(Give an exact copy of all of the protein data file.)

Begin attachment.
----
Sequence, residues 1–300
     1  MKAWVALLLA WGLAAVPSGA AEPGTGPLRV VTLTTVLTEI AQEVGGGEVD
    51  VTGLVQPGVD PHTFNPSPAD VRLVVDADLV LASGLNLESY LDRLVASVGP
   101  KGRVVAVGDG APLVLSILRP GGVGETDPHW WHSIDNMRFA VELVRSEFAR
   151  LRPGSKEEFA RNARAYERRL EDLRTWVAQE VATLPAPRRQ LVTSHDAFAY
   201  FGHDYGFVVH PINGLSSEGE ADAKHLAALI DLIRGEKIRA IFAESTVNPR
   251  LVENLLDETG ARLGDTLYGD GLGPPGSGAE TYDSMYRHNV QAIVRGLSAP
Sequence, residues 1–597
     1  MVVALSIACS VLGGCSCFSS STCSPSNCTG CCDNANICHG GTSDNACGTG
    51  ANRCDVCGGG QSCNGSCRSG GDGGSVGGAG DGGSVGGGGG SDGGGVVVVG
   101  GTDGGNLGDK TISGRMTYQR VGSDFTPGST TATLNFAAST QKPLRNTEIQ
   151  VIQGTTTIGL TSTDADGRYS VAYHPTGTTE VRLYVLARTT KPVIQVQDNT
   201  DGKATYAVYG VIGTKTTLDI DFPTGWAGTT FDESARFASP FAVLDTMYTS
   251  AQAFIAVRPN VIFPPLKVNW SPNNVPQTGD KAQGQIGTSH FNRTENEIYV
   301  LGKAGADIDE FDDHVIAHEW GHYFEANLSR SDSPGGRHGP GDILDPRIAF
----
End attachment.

Sequence, residues 1–300
     1  MKAWVALLLA WGLAAVPSGA AEPGTGPLRV VTLTTVLTEI AQEVGGGEVD
    51  VTGLVQPGVD PHTFNPSPAD VRLVVDADLV LASGLNLESY LDRLVASVGP
   101  KGRVVAVGDG APLVLSILRP GGVGETDPHW WHSIDNMRFA VELVRSEFAR
   151  LRPGSKEEFA RNARAYERRL EDLRTWVAQE VATLPAPRRQ LVTSHDAFAY
   201  FGHDYGFVVH PINGLSSEGE ADAKHLAALI DLIRGEKIRA IFAESTVNPR
   251  LVENLLDETG ARLGDTLYGD GLGPPGSGAE TYDSMYRHNV QAIVRGLSAP
Sequence, residues 1–597
     1  MVVALSIACS VLGGCSCFSS STCSPSNCTG CCDNANICHG GTSDNACGTG
    51  ANRCDVCGGG QSCNGSCRSG GDGGSVGGAG DGGSVGGGGG SDGGGVVVVG
   101  GTDGGNLGDK TISGRMTYQR VGSDFTPGST TATLNFAAST QKPLRNTEIQ
   151  VIQGTTTIGL TSTDADGRYS VAYHPTGTTE VRLYVLARTT KPVIQVQDNT
   201  DGKATYAVYG VIGTKTTLDI DFPTGWAGTT FDESARFASP FAVLDTMYTS
   251  AQAFIAVRPN VIFPPLKVNW SPNNVPQTGD KAQGQIGTSH FNRTENEIYV
   301  LGKAGADIDE FDDHVIAHEW GHYFEANLSR SDSPGGRHGP GDILDPRIAF